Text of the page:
AbstractABSTRACT: A new knowledge-based approach is proposed to mitigate the corrosion of metallic surfaces. The approach is based on the rational design of molecular coating materials based on a new class of phthalocyanines. While these materials resemble fluorinated polymers in their capacity to prevent the intrusion of moisture associated waterborne ions and the diffusion of oxygen to the metallic surface, they also exhibit additional beneficial properties unavailable to fluorinated polymers. Characteristically, all residual C-H bonds of classical phthalocyanines are replaced by C-F bonds via the inclusion of perfluoroalkyl groups insuring a high thermal and chemical stability of the materials. The molecules are designed to bind metal ions. The combination of metal ions and the extremely electron withdrawing perfluoroalkyl groups results in the suppression of oxidation (electron loss) and adhesion to metal surfaces via the formation of bonds between the metal center of the proposed molecules and the oxo groups (precursors to rust) present on metal surface exposed to the environment. Taken together the above features insure water repelling (high hydrophobicity) as well as electrochemical suppression of the deleterious effects of oxygen. In addition the coatings resist acids (acid rain) and other harsh chemicals due to the exclusive presence of C-F bonds. BENEFIT: An added feature is the facile manipulation of molecular structures aimed at introducing intermolecular interactions via stacking that will enhance the cohesion of films and possibly their adhesion to metallic surfaces. A wide battery of solutions and solid-state experimental techniques will provide insights at both molecular and solid state (film) level, while additional tests to be performed in collaboration with the corrosion group at the US Army Research Development and Engineering Center (ARDEC), Picatinny Arsenal, NJ will reveal corrosion important prop-erties such as surface energy (hydrophobicity). The experimental effort will be supported by a detailed computational analysis. The target molecules will be investigated using computational chemistry methods designed to complement the experimental results and to predict properties that will enhance the corrosion resistance of these materials. At a molecular level, several properties have been recognized in the corrosion literature as contributing to overall stability of molecules: 1) electron density distribution and atomic charge; 2) energy of the highest occupied and lowest unoccupied molecular orbitals; 3) per-manent dipole moment and polarizability; and 4) total (internal, potential and kinetic) energy. Inasmuch as the target materials represent a new class of corrosion inhibitors, computational methods will be used to probe specific properties of the fluorinated phthalocyanines. As these phthalocyanine materials will be applied as surface coatings on solid materials, their bulk and thin film properties will be examined by classical molecular dynamics. The synergistic interactions between theory and experiment will insure a solid scientific base for the proposed explorato-ry development of a new type of corrosion resistant coating, as well as for future optimization and development efforts. Porter Scientific Incorporated (PSI) is a North Carolina based American Indian woman owned 8(a) HUBZone small business with a distinguished award winning track record of providing environmental consulting services, and of supporting research and development. PSI also provides information technology and facility support services to a variety of clients including the United States Departments of Defense and Transportation, the Environmental Protec-tion Agency (EPA), national commercial entities and local governments and municipalities. Anticipated Benefits: Protection of metallic surfaces is an ongoing economic burden and impairs service delivery in military and commercial environments. For aerospace and infrastructure applications, this project engages exploratory devel-opment of a corrosion resistant coating that will substantially reduce the military systems annual direct cost of cor-rosion which is presently estimated at $20 billion. The corrosion resistant coating will have substantial national de-fense relevance in reducing equipment downtime (during corrosion repair); increasing military readiness; improving equipment and systems integrity while potentially saving lives. The feasibility and potential impact of the proposed coatings are substantial. Potential Commercial Applications: A corrosion resistant coating represents incredible opportunities to expand product life and reduce industry cost in maintenance, repair and replacement. Applications include the homes we live in, the offices we work in, the transportation we utilize, the recreation activities we engage in, and the utensils we use while dining. The commer-cialization of a polymer that extends the half-life of mineral based devices maximizes limited resources of our planet. Product manufacturers improve service delivery by providing consumers with goods that require less direct and indi-rect cost of implementation. The global economy benefits when resources currently used for product sustainability can be directed to other solutions, innovations or efforts. The corrosion resistant coating will spawn opportunities throughout all forces in the Department of Defense. Additionally, the insoluble polymer has the potential for cookware, gaskets, bearings, electrical insulators, recreational and commercial nautical and air transport systems. From cruise ships to lawn chairs to buffet serving utensils - any dimension of user life that includes corrosion of surfaces may be dramatically impacted by expanding life of actual utilities while reducing industry cost in maintenance, repair and product replacement. Key Personnel: Dr. Freda Porter, PSI CEO and President, holds a Ph.D. from Duke University in Applied Mathematics special-izing in Numerical Modeling. Dr. Porter has been involved in Groundwater Contamination research with EPA and Noise Modeling and Simulation research with NASA Langley Research Center. Current initiatives of the corporation include environmental sustainability and green energy topics but focus on military and commercial applications that improve quality of life worldwide. Operating since 1997, PSI has employed skilled personnel working within and establishing innovations to industry standards in Environmental Consulting, Environmental Investigations, Assessments, Remediation and Cleanup, Pollution Prevention, Regulatory Compliance, Water, Sewer and Solid Waste Project Management, Database Management, Information Technology, Education and Outreach, and capitalization of projects. The corporation has been successfully engaged in projects improving manufacturing processes, equipment and systems at the environ-mental level. While primary operations exist in North Carolina, PSI has provided government contracting to numerous clients in AR, AZ, CA, FL, GA, MS, NJ, PA, SC, SD, TN, TX and VA, serving more than 20% of the United States. Twenty two employees of PSI have corporate headquarters in Pembroke, North Carolina in a 21,000 square foot facility ad-jacent to The University of North Carolina at Pembroke. PSI has a bonding aggregate of $8 million, a line of credit of $1 million, and a Secret Level Facility Security Clearance. Professor Sergiu M. Gorun will serve as Principal Investigator. Dr. Gorun holds a Ph. D. from MIT and is ac-tively engaged in research areas that include novel materials aimed at constructing catalytic artificial enzymes and the design of solid-state structures using molecules lacking C-H bonds, robust metal-organic materials for chemically and biologically active low-energy surfaces. He is currently a part-time Research Professor in the Department of Chemistry and Biochemistry at Seton Hall University, NJ. Professor Stephen P. Kelty is a distinguished collaborator on this research. Dr. Kelty is currently the Chair of the Department of Chemistry and Biochemistry at Seton Hall University and the Director of the University Center for Computational Research. His current interests focus on Theoretical Chemistry. Significant support for the project will be provided by the US Army. ARDEC scientists have been engaged in research with Professor Gorun since 2005 and have committed to insure surface science and related corrosion test-ing of the new coatings. A letter of support from the US Army appears in Section 5.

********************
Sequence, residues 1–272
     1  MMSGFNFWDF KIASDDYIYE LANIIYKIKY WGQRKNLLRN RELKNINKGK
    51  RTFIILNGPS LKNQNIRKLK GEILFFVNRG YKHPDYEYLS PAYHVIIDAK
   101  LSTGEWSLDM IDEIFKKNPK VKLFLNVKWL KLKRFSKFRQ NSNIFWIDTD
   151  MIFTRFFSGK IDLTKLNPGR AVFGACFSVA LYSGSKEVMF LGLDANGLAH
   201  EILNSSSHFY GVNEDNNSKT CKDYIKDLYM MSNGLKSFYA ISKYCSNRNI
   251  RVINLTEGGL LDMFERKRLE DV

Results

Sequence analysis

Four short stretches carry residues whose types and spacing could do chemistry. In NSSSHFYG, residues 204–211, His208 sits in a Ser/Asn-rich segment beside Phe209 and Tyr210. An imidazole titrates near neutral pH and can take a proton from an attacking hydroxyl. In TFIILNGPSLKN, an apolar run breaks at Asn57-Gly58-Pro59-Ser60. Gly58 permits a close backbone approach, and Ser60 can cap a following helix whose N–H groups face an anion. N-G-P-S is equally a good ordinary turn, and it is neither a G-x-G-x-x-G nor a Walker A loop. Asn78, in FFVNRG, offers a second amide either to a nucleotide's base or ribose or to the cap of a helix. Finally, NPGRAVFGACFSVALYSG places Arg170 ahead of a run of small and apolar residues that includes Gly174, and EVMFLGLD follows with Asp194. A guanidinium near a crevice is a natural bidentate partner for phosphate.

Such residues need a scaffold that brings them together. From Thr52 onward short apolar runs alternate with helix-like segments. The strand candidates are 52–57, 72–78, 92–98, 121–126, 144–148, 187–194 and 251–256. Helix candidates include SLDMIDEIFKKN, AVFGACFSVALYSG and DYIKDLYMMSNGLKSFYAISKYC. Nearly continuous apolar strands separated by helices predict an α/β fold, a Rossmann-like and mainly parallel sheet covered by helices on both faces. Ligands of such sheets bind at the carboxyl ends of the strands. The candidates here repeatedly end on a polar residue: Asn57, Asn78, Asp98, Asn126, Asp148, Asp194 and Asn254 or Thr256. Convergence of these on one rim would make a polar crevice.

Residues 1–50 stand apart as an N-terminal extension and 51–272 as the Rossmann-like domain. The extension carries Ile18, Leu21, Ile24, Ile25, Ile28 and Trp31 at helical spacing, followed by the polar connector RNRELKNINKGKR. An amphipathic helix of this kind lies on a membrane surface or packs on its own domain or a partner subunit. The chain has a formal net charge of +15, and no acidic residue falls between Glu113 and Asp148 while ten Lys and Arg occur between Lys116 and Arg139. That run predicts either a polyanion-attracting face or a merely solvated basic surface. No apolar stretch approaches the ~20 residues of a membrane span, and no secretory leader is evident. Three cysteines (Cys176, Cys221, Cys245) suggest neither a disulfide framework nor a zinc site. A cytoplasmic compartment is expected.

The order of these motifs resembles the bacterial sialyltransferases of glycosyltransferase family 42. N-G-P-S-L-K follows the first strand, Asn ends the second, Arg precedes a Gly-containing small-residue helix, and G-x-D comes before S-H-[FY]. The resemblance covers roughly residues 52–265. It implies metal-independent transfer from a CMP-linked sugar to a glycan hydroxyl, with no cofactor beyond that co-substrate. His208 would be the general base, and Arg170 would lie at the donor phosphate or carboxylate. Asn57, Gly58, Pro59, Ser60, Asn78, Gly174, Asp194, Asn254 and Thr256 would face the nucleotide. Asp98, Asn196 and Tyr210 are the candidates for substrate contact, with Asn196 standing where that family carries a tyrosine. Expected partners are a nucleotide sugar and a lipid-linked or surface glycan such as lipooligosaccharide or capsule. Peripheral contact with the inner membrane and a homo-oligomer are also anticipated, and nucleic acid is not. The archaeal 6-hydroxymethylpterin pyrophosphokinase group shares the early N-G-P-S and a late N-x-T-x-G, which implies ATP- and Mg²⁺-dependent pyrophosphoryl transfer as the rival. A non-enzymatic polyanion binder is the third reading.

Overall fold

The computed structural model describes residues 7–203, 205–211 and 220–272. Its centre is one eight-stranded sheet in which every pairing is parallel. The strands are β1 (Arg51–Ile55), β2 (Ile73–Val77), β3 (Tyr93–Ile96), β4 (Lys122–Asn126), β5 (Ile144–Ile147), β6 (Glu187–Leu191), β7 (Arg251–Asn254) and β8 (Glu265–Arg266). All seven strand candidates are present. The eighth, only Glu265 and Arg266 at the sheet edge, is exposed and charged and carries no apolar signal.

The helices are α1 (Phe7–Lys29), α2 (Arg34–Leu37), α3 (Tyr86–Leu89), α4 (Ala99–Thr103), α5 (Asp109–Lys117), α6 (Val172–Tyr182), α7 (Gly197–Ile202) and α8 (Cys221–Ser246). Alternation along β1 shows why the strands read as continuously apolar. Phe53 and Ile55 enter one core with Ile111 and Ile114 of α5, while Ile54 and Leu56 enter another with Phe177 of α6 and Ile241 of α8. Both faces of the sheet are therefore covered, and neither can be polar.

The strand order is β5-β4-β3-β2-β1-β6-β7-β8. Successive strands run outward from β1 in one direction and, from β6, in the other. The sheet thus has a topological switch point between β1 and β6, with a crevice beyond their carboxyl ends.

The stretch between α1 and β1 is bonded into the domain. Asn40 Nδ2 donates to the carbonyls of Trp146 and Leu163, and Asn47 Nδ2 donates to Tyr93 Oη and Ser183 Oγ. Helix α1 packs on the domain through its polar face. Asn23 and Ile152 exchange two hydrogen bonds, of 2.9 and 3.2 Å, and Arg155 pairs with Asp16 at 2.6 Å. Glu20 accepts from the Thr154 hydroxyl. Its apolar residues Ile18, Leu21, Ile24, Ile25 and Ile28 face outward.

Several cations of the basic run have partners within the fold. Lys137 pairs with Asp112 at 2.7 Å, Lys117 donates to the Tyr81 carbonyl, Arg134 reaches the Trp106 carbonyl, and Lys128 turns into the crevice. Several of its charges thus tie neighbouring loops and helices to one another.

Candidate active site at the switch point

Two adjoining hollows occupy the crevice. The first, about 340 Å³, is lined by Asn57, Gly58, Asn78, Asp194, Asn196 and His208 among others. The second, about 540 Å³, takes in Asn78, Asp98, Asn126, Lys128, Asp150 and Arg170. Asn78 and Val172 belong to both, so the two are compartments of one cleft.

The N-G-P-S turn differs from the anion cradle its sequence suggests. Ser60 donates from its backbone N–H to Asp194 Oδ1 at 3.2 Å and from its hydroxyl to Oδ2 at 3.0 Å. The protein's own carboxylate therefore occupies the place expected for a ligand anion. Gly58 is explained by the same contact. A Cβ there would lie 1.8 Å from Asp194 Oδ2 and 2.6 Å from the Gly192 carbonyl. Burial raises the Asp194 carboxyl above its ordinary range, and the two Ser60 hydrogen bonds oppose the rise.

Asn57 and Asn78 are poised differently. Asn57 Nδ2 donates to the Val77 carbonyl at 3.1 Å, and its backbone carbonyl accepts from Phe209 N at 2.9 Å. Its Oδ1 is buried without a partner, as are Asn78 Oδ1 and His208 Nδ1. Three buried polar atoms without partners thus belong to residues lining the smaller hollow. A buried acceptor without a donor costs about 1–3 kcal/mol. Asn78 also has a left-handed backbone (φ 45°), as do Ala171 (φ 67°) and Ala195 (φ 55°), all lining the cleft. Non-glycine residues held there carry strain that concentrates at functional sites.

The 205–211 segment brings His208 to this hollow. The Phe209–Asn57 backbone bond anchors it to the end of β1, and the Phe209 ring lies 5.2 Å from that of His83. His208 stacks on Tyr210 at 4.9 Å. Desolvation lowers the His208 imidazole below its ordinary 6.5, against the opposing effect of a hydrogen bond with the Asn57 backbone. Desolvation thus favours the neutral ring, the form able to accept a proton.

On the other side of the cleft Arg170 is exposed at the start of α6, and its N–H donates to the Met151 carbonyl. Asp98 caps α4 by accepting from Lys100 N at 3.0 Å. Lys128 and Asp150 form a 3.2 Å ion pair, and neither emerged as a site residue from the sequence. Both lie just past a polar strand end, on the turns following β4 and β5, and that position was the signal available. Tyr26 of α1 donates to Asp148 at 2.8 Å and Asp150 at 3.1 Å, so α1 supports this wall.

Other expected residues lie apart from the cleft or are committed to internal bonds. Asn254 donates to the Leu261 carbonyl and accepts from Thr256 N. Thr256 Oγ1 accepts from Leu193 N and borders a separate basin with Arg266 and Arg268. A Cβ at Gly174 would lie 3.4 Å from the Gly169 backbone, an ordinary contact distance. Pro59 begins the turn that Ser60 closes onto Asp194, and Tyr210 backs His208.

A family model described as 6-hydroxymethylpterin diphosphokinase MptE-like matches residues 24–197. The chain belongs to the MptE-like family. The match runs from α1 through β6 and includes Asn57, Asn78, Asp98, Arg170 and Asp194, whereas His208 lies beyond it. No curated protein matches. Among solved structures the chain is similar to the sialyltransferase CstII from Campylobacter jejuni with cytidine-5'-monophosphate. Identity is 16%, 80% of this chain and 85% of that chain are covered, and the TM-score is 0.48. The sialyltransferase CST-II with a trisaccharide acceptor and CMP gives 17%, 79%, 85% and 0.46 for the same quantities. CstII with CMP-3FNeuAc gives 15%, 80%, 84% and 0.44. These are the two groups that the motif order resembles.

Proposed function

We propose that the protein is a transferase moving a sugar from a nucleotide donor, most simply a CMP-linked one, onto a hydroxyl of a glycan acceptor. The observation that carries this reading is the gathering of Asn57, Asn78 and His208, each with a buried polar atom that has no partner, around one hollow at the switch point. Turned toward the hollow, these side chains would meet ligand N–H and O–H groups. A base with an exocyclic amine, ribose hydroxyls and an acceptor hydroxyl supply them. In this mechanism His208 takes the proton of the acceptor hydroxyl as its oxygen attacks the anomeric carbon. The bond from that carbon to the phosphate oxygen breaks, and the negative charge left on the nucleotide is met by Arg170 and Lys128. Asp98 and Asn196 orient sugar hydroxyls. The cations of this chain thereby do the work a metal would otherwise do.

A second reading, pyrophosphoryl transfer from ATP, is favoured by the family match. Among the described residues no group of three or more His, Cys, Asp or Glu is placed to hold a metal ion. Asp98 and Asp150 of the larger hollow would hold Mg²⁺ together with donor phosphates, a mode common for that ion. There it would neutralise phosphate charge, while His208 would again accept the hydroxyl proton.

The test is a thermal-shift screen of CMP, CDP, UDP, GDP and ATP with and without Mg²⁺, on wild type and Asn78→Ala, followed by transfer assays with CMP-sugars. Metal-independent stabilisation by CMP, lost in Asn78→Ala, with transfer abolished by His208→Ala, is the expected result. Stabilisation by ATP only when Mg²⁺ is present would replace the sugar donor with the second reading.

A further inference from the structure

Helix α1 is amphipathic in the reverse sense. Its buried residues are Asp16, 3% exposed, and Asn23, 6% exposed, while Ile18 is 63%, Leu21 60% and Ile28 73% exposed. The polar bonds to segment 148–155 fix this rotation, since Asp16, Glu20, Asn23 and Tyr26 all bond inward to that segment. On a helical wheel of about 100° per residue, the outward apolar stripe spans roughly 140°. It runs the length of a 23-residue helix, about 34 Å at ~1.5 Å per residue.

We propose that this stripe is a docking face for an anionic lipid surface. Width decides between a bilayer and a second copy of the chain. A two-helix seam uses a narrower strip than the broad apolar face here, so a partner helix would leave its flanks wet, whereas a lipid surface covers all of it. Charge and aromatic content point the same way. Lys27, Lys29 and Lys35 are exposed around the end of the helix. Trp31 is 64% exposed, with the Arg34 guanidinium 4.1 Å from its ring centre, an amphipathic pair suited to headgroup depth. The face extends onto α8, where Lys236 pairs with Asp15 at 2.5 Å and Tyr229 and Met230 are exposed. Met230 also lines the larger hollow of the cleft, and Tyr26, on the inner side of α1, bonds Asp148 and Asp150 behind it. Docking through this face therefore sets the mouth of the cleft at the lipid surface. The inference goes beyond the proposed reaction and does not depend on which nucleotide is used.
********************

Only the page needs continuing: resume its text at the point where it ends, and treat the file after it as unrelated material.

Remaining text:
* information listed above is at the time of submission.